Photo Credit: Samantha Cripps
Reddam Racing’s Parsimony will try to stamp his ticket to the $12 million Dubai World Cup sponsored by Emirates Airline (G1) when he lines up in Thursday’s $175,000 Curlin Stakes (Listed), a course and distance opportunity to make up for his fourth-place finish five weeks ago over the same trip in handicap company. Unlike that day, when he was forced to set a hot pace from his rail draw, the Doug O’Neill-trained son of Dominus will likely be a more relaxed character this time, per assistant conditioner Leandro Mora.
“He can break second and he doesn’t have to kill himself with the speed horses this time,” Mora said. “But if the others don’t go, then we will. There is a Plan A and Plan B and he doesn’t have to be on the lead, but should be quick.
“He has always been a positive horse who ran with a lot of tough horses at home—that’s why he has seven seconds and one win,” Mora continued. “He was a little immature last year and was growing, but has matured into a nice horse and loves Meydan. He has been galloping so strong, we decided not to gallop him (Tuesday morning) and are just going to jog him up to the race. He is coming into this race fresh and that’s what we like to see. We think he could be the next Pavel.”
Currently rated 100, the roan colt will be looking to prove his worth against some accomplished foes, but that is par for the course for Parsimony. In the past year, he has tackled some of the best of his generation in the USA, including champion Game Winner, multiple Grade 1-winning Omaha Beach and eventual Belmont Stakes (G1) winner and 2020 Dubai World Cup hopeful Sir Winston.The Curlin has been a steppingstone to Dubai World Cup wins for its namesake (when contested as the Jaguar Trophy) and California Chrome prior to his 2016 victory. Last year, South Korean import Dolkong used a one-sided victory in the Curlin as a springboard to the Dubai World Cup, with a third in the Al Maktoum Challenge R3 (G1) in between. With a big run on Thursday, Parsimony looks to give his connections a runner in the race for a third consecutive year, having finished fourth in the past two editions with Pavel.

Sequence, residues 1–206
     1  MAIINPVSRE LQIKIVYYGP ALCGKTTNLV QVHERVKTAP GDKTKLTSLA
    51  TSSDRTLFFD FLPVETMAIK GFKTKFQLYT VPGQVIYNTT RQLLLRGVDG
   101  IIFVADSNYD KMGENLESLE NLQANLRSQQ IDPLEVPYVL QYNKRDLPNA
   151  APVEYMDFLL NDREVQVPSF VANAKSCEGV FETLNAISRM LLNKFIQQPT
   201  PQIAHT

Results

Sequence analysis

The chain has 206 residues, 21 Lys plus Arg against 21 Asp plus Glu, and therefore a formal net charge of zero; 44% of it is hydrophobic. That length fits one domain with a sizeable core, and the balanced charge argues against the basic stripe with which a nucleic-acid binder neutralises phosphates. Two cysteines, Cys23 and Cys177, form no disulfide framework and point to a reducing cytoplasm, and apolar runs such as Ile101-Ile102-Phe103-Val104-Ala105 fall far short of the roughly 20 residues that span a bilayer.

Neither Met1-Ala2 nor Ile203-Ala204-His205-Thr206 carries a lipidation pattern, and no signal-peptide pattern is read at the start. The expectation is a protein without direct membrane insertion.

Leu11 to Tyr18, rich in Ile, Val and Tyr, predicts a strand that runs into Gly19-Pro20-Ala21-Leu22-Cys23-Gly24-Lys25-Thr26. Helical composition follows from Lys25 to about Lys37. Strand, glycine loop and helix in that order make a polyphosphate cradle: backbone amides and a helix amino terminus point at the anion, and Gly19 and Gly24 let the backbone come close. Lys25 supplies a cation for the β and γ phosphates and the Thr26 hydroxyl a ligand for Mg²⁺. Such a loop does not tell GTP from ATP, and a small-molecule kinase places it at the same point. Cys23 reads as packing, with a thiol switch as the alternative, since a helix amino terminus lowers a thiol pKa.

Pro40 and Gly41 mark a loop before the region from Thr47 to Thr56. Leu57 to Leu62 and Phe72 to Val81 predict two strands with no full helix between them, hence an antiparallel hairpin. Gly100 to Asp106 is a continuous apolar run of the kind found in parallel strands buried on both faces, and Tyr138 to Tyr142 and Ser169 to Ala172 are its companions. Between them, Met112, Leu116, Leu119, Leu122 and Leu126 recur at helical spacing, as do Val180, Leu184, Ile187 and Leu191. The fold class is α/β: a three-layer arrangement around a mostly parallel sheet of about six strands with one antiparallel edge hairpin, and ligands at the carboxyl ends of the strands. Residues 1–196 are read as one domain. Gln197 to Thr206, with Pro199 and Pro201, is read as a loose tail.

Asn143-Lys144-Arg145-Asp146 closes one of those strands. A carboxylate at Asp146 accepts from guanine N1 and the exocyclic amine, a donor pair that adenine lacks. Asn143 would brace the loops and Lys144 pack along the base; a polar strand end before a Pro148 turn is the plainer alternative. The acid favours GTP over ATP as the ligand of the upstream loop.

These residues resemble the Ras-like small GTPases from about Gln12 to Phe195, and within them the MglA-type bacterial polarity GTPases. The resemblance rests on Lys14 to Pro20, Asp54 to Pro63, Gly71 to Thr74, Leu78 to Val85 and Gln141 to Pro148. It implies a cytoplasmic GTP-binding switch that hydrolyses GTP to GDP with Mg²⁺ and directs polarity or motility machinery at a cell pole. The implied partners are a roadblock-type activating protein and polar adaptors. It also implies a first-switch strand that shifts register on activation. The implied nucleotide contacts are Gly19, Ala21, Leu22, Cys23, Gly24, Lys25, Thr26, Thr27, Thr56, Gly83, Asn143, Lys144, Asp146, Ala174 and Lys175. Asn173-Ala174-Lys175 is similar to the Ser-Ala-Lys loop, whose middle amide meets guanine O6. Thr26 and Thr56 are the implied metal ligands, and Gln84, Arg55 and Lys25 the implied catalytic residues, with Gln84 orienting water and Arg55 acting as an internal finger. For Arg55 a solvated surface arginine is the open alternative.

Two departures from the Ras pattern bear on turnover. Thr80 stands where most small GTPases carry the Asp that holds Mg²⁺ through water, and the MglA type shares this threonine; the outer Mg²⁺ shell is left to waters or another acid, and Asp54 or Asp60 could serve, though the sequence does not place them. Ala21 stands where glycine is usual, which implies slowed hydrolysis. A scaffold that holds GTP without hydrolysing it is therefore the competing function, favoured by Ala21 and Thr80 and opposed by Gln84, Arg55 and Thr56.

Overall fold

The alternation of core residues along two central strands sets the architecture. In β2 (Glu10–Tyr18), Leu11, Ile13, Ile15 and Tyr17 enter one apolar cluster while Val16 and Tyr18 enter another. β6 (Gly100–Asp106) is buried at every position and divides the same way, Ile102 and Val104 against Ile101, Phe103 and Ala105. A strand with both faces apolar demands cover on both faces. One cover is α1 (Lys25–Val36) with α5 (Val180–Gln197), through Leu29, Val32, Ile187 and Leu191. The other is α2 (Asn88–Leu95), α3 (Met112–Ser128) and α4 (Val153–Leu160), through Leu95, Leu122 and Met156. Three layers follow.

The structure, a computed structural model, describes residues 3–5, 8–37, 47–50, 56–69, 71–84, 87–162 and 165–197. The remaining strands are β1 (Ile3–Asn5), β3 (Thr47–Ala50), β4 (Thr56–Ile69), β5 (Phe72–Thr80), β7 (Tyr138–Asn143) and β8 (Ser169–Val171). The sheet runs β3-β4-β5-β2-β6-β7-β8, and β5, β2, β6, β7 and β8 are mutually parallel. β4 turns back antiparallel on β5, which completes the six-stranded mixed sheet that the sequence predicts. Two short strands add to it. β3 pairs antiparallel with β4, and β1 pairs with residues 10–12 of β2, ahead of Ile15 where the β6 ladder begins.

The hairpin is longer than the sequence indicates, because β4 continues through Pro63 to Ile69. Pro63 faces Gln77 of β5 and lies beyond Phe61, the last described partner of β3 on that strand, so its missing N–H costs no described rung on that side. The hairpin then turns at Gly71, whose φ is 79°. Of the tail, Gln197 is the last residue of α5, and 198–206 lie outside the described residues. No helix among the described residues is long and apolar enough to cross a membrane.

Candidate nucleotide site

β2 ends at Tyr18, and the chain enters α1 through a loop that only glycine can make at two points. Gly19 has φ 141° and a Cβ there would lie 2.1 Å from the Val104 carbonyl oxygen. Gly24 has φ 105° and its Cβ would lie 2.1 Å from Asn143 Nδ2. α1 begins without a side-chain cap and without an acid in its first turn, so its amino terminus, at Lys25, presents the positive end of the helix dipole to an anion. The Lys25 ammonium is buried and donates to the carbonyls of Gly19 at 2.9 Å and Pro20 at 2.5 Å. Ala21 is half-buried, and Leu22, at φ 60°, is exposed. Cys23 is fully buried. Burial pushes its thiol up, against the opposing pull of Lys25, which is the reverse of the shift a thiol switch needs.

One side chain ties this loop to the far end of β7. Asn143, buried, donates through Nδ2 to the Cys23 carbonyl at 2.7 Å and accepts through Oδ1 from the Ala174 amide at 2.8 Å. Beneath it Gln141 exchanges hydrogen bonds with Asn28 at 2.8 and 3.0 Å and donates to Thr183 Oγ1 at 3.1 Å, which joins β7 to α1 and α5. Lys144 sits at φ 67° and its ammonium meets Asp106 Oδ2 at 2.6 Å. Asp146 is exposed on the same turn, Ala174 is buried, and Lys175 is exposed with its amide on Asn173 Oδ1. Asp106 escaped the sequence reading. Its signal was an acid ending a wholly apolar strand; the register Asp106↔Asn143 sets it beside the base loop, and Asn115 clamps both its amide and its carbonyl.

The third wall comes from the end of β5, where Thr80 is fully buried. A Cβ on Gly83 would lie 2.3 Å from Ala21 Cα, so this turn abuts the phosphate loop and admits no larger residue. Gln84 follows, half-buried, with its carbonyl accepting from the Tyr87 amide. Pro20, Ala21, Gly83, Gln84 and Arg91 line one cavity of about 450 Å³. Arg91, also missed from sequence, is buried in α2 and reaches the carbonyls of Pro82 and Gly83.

“He has to win to make it into the big party,” Mora said. “If he places, we don’t think he will make it in. It’s a race that will give us options. The (Group 2 $1.5 million) Godolphin Mile (sponsored by Mohammed bin Rashid Al Maktoum City—District One) could be our back-up plan.”